GDPR: 12 key changes
Emma Gross explains the 12 key changes to data protection law you need to know.
The General Data Protection Regulation is new legislation governing the way organisations collect, process and protect the personal information of individuals. Here are the key changes that will apply from 25 May 2018 onwards. If you haven’t already done so, you may also benefit from reading our article on how to prepare for GDPR.
The Regulation will now apply to every organisation or individual who processes the data of EU citizens, whether they are ‘data controllers’ that decide how personal data is processed in order to deliver goods and services, or third party ‘data processors’ that process it on behalf of a data controller. This covers all organisations within the EU, and those outside it that offer goods or services within the EU.
The fine for breaching GDPR is significantly harsher. In the UK, it rises from a maximum of £500,000 per breach to a maximum of €20 million or 4% of annual worldwide turnover.
- Data breaches
Any theft, loss or misuse of personal information where it is likely to result in a risk to the rights and freedoms of individuals must be reported to the relevant Supervisory Authority within 72 hours.
Personal information can only be used if consent has been freely and unambiguously given by the individual. ‘Generic’ consent, or acquiescence (reluctant acceptance without protest) will no longer be acceptable. Parental consent is required for children below the age of 13.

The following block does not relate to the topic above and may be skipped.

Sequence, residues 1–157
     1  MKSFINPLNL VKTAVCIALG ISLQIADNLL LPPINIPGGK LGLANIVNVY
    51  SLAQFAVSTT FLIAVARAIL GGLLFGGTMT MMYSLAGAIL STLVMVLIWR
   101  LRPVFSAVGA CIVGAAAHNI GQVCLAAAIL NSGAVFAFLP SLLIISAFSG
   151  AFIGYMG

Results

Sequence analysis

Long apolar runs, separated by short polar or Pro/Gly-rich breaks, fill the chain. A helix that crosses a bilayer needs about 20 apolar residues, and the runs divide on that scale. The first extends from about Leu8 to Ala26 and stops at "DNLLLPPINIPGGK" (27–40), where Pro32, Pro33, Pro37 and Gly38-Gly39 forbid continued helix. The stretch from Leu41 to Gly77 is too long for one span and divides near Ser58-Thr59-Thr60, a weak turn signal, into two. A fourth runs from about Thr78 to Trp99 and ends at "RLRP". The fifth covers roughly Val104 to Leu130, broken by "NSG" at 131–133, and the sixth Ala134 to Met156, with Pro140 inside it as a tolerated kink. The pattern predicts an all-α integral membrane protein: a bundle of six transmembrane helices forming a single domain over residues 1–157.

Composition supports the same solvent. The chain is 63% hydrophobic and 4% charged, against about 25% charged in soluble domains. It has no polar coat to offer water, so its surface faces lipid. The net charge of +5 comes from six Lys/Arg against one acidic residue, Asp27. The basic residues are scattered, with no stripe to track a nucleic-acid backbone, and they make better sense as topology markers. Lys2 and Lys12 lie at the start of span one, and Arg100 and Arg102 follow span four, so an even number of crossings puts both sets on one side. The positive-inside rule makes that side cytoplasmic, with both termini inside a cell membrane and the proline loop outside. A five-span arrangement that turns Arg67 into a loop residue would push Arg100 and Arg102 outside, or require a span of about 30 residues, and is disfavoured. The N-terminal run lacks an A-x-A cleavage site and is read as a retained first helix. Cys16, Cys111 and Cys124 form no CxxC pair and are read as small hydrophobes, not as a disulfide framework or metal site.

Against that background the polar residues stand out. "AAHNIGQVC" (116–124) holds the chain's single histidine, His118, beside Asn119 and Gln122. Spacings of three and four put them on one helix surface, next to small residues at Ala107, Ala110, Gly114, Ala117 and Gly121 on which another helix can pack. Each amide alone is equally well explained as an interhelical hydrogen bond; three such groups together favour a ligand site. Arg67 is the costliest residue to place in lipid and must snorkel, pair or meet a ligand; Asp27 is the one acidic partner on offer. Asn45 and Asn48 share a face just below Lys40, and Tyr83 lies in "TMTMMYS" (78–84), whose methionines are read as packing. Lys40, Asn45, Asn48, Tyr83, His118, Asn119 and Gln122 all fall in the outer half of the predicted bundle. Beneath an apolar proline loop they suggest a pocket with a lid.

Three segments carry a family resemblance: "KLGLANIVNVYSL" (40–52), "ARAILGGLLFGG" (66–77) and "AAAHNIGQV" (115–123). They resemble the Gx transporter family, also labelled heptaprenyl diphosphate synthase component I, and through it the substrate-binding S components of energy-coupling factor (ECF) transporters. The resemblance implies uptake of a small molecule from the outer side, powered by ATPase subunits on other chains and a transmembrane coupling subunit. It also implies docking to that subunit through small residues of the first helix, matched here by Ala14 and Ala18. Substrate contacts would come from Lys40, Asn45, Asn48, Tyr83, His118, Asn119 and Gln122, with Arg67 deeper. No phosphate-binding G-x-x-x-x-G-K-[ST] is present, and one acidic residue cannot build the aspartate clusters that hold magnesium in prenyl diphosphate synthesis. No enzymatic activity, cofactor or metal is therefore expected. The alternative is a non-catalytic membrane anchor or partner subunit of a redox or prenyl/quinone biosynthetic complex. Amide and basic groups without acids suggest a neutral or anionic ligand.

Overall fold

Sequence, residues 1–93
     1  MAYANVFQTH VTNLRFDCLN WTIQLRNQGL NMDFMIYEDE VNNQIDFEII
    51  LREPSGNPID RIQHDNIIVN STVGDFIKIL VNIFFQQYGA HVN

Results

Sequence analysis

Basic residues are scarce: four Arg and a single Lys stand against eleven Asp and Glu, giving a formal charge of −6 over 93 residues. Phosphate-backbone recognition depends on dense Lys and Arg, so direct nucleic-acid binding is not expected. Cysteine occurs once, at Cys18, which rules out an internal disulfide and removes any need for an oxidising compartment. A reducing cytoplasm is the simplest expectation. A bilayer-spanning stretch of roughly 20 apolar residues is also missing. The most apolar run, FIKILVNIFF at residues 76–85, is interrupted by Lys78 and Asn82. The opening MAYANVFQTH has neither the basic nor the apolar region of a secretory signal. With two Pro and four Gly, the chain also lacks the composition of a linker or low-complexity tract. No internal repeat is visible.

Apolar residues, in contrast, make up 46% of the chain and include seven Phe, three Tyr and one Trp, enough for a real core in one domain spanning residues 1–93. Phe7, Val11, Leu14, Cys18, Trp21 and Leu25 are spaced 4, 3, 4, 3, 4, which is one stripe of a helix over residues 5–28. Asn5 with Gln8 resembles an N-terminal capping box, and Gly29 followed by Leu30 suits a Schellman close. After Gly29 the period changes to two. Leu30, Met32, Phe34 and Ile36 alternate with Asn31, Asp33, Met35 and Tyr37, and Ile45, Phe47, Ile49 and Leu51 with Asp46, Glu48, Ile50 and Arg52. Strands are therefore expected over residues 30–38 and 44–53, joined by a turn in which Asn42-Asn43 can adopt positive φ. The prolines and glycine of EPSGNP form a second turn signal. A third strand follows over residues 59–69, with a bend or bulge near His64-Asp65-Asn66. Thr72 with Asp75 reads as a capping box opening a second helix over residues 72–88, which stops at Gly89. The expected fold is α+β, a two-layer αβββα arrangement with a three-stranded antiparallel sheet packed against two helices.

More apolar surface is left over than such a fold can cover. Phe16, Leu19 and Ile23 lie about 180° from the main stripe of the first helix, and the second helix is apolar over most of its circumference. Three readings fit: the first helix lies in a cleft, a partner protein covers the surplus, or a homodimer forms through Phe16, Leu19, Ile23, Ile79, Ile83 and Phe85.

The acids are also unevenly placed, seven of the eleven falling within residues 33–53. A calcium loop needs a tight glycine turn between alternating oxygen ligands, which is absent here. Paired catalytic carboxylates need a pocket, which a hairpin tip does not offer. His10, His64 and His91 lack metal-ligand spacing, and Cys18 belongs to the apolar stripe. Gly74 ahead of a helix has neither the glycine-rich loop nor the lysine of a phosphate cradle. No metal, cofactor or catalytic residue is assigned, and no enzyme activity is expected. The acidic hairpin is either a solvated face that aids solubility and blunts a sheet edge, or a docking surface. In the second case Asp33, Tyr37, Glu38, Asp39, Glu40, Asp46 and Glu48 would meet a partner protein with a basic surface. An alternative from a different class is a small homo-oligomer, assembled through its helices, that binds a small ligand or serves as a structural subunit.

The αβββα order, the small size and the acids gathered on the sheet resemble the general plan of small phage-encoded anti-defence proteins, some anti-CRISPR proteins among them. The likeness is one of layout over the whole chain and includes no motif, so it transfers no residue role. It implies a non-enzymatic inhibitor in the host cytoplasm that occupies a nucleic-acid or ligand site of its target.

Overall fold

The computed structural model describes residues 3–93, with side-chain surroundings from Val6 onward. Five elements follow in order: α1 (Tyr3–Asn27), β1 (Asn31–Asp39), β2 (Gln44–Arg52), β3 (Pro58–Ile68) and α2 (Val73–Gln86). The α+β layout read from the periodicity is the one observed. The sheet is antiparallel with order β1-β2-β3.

- Right to be forgotten
Individuals have the right to ask an organisation to erase any data they hold about them. That organisation has the responsibility to inform any data processors they use.
- Subject access requests
Individuals also have the right to ask for details about any information that is held about them, and how it is processed. This request must now be fulfilled within one month instead of 40 days, and this service cannot be charged for.
- Data protection policy
Organisations with over 250 employees must now provide an easily understandable data protection policy that is accessible to customers, and practical for employees to put into practice. The policy should include information such as the details of the appointed data protection officer, the legal basis for processing, retention periods, the right to complain, whether the provision of data is obligatory or voluntary, and the consequences of not providing data.
- Data processor documentation
Data processors now have to maintain full documentation of all processing they undertake for data controllers, and must also nominate a data protection officer.
- Genetic data
Genetic data has been added as a type of sensitive personal data, and health data now includes anything related to the provision of health services, such as prescriptions and hospital appointment letters.
- Privacy impact assessments
A privacy impact assessment must now be carried out for all high-risk data processing, such as sensitive personal data, public CCTV, and data relating to children, who are defined as anyone under the age of 18.
There will now be one EU data regulator, which prevents the need to deal with separate regulators in each member state.
A special organisation is to be set up by the European Commission to ensure consistency in the application of GDPR.